Help with solving a Patient Sitter Staffing problem - page 2
Right now I'm working as a patient sitter and we have 4 or 8 hour shifts, I work the 3-11 shift and all other staff works 12's. The problem being that the middle of my shift is 7p. I understand that is a problem, so when the... Read More
- 1Mar 14, '13 by jadelpn GuideThis needs to be brought up to HR. You need to be able to have a break. Another sitter could be a relief per diem and just come in and round to make sure everyone at least has dinner on each unit that has a sitter. Providing that no CNA's on any floor can come and relieve you. I would also make a plan with the Charge Nurse a the begining of the shift. If she can not help you, then the nursing supervisor on shift needs to figure it out. It is a tough gig sitting for hours on end. If the RN is coming in each hour to do an assessment and check on her patient, then would also be a time for a bathroom break. However, if RN is just not coming in, and figuring that you will call her if you need her, then that is an issue that needs to be remedied.
- 1Mar 14, '13 by jrwestI understand the lunch break might be difficult, as the nurses hardly ever get one themselves(Im speaking as a nurse), but the bathroom break thing is ridiculous-seriously, someone says they don't have time to give you a bathroom/snack break? Even as the charge. I think I could fit in sitting in the pt room for 5 minutes so you can go. wow.
Where I am , if there are no techs, then the nurse assigned to that pt is responsible for you.Seriously, I'd be happy to have a 1:1 ;otherwise I'd be the one in the room anyway, not providing care to my other patients anyhow. Wow. Excuses!!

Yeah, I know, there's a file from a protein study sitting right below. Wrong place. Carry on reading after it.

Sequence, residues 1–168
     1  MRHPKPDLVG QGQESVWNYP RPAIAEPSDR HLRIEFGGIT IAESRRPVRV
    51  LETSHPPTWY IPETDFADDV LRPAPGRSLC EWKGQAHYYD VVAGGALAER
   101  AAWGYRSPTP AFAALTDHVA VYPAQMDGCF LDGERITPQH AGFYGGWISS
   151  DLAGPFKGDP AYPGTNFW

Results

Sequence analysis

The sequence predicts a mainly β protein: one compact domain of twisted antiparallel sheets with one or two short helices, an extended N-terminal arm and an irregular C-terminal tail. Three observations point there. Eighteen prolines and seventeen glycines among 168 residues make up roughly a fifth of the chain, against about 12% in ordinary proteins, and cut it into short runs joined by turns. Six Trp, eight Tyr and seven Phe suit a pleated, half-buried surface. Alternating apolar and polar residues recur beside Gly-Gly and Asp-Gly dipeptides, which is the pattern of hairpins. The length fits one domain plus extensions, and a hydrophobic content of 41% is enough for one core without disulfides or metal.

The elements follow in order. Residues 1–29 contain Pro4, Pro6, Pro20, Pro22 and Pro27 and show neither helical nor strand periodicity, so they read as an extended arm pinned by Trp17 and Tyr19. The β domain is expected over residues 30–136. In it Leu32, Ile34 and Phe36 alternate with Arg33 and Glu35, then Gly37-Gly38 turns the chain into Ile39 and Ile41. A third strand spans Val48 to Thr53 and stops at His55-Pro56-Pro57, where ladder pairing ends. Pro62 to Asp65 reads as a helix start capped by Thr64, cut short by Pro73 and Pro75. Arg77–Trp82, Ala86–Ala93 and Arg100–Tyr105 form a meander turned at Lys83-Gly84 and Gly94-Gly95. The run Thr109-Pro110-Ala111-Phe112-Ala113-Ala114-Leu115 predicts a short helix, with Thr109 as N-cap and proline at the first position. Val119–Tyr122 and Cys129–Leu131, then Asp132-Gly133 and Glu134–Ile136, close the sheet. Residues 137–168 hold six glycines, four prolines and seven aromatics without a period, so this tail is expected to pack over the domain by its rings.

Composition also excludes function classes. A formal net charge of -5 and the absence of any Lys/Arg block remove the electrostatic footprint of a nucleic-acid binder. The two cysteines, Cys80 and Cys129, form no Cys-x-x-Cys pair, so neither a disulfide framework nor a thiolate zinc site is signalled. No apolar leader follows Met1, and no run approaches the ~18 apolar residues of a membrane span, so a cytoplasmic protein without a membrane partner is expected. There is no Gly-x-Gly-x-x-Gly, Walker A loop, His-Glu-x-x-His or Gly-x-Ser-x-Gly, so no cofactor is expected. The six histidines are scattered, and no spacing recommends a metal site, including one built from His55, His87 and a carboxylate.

I suppose if you are not getting any breaks, then I would report it to the staffing office.
- 0Mar 14, '13 by IHeartNursing321I am a sitter too and I usually have no problem. If I don't get my break before 7P, I just let the new CNA on shift know that I need my break and he/she gives me a break after they take vitals....so you can suggest that to the CNA. I remember my supervisor telling me if a staff member do not give me a break, to let him know right away. You can also talk to the charge nurse on the floor about this issue.
- 1Mar 15, '13 by M/B-RNI also used to do a lot of sitter assignments working as a Float Pool CNA, we were the first to get pulled to be sitter. I would ask the CNA in the unit at the beginning of your shift. If there is no CNA, I would suggest asking the patient's nurse, or the charge nurser, or give the Nursing Supervisor a call at the beginning of your shift to see if they can send someone out.
Whenever the nurse comes in to do an assessment or give meds, simply tell her "While you are here I am going to take 5 minutes to go to the bathroom" and just start walking out. That's what I used to do and it forced them to stay in the room until I came back. I wouldn't recommend doing that for a 30 minute lunch break lol but they HAVE to let you go to the bathroom! There's no excuses to not allow that.
- 0Mar 24, '13 by DogWmnIt continues to be a problem, staffing is VERY low, often NO techs. By the time the RN comes around the first time it can be as late as 9:30 or 10. So that's 2 1/2 hours to 3 hours before the patient is even seen by a nurse after shift change. I do my best to work with the staff on scheduling a break but when I'm not seeing them until this late it is a problem. Often times I can't ring the bell as the patient is asleep and I would get chastized for waking them up as it is answered by the front desk via intercom.
Hourly assessments...LOLOLOL. When I first started a year and 1/2 ago staffing levels were good, we now have new management and they have cut to the bone. Patient sitters in our hospital are considered "non-medical", so we are often ignored when staff comes into the room.
I am continuing to put down no dinner break and it continues to **** off staffing management.
Even getting a potty break is difficult and at 62 I just don't have the great bladder I used to.
I really am trying to rack my brain for a solution that I can put forth and it all seems to boil down to low staffing and high census issues that are chronic.
- 0Mar 24, '13 by GrnTea, BSN, MSN, RNIf you weren't getting your overtime for no meal breaks and you think they aren't calling you because you reported that to HR, call your state division of wages and hours and ask for their advice. I'll betcha they'll be on them like white on rice-- you can at least get W&H to send you something in writing that reinforces that law. You won't get any more shifts or time off, but you'll at least get OT when you deserve it.